Lost Gem
Peridance Capezio Center 1 Coffee Shops Event Spaces Dance Theaters Dance Studios undefined

Peridance Capezio Center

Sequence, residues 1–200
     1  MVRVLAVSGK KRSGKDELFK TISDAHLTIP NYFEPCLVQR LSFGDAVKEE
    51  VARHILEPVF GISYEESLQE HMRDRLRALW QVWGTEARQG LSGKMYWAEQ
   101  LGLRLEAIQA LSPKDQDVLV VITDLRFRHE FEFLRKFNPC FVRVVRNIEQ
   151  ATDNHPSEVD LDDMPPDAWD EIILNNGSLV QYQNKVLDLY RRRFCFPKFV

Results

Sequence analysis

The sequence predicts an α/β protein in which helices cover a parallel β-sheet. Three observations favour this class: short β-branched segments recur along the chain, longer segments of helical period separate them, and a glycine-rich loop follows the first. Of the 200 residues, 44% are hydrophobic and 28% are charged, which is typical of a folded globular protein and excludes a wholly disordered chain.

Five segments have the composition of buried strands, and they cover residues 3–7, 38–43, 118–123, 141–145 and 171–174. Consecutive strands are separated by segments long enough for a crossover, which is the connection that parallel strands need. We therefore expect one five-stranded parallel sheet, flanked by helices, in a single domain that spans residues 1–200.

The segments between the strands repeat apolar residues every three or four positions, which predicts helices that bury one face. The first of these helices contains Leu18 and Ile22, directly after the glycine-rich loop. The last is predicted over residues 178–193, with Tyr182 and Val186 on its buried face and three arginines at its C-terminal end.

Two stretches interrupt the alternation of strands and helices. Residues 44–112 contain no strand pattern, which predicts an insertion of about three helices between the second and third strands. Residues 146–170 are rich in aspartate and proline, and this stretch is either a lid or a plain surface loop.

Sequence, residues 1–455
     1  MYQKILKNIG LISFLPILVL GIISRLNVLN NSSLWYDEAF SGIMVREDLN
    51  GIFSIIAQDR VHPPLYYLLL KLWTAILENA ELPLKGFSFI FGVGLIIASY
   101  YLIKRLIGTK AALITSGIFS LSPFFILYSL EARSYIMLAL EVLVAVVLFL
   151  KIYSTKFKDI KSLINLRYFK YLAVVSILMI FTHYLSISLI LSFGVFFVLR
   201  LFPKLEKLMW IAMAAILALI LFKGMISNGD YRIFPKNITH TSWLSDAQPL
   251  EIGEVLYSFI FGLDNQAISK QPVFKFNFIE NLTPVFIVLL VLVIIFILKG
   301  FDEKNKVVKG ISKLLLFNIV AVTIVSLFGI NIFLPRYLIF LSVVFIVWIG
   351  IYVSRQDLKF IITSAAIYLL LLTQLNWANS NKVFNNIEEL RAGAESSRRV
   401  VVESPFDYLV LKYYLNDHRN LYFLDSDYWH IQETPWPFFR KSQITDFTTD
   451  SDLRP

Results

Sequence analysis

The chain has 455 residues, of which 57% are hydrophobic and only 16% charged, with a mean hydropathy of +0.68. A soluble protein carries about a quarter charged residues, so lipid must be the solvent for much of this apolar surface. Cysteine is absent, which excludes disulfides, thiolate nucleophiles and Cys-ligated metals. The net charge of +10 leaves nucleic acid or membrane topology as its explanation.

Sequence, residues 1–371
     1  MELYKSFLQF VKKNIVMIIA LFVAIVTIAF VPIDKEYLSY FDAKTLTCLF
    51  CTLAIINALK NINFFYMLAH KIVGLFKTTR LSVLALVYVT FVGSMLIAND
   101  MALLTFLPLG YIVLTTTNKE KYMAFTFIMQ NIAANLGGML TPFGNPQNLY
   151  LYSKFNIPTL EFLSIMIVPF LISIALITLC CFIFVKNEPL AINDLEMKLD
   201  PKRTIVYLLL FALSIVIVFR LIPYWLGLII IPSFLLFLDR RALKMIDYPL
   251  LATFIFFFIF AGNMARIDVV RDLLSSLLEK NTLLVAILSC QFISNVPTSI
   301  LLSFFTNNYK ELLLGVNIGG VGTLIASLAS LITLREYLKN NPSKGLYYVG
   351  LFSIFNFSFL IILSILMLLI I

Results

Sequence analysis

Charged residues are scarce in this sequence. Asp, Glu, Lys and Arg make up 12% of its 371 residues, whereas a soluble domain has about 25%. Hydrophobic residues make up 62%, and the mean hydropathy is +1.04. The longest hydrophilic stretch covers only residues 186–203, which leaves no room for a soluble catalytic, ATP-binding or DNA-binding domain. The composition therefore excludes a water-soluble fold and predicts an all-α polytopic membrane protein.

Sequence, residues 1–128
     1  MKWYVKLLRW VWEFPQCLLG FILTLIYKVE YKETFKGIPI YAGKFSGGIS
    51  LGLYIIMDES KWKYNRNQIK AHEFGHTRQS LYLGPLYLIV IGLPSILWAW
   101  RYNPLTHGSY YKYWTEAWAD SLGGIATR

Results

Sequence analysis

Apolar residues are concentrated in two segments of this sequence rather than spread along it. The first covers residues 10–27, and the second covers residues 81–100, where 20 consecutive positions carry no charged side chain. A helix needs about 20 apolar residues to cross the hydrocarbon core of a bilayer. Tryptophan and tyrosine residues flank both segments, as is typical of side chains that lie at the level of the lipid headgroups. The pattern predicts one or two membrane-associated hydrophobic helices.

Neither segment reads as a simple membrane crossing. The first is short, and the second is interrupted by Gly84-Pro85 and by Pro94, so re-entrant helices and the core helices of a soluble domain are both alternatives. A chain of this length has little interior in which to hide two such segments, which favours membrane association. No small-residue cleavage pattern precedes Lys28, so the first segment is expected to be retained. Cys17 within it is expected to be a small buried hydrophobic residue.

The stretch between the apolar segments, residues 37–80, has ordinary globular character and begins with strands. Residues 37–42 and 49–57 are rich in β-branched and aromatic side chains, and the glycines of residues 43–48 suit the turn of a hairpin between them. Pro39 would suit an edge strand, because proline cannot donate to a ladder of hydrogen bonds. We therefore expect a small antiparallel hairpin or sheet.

Peridance Capezio Center is a mecca for dance in NYC, fostering the arts in the local and international dance communities, for over 30 years. Peridance offers multiple platforms for dancers and non-dancers alike, including more than 250 weekly open classes, a Professional Training Programs, an F-1 Visa Program for International Students, and The School at Peridance - a comprehensive children and teen program. Their adult open classes are offered in all styles and levels, from Absolute Beginner to Advanced. Peridance Capezio Center is also home to the professional dance company, Peridance Contemporary Dance Company and its affiliated Peridance Youth Ensemble. In conjunction with their renowned faculty and partners (Capezio, Djoniba Dance Centre, Limón Dance Company, Baila Society, and Dance Informa), Peridance has gained an international reputation for the programs it offers. The Center is housed in a beautiful landmark building featuring six spacious studios, The Salvatore Capezio Theater, the Peridance Coffee Shop, and the Capezio dance-wear Boutique. One afternoon, I had the privilege of stopping by the Peridance Capezio Center to observe their students training. I witnessed the explosive athleticism and technical discipline at play in Shannon Gillen’s Advanced Contemporary class, as students tested the strength of their bodies in an array of conditioning and floor exercises. Later, in the large upstairs Studio 1, bathed in the sun’s rays from the skylights above, I watched as dancers chasséd and pirouetted across the room in Breton Tyner-Bryan’s Advanced-Intermediate Ballet class. I would not be surprised to find any one of these talented performers on stage someday.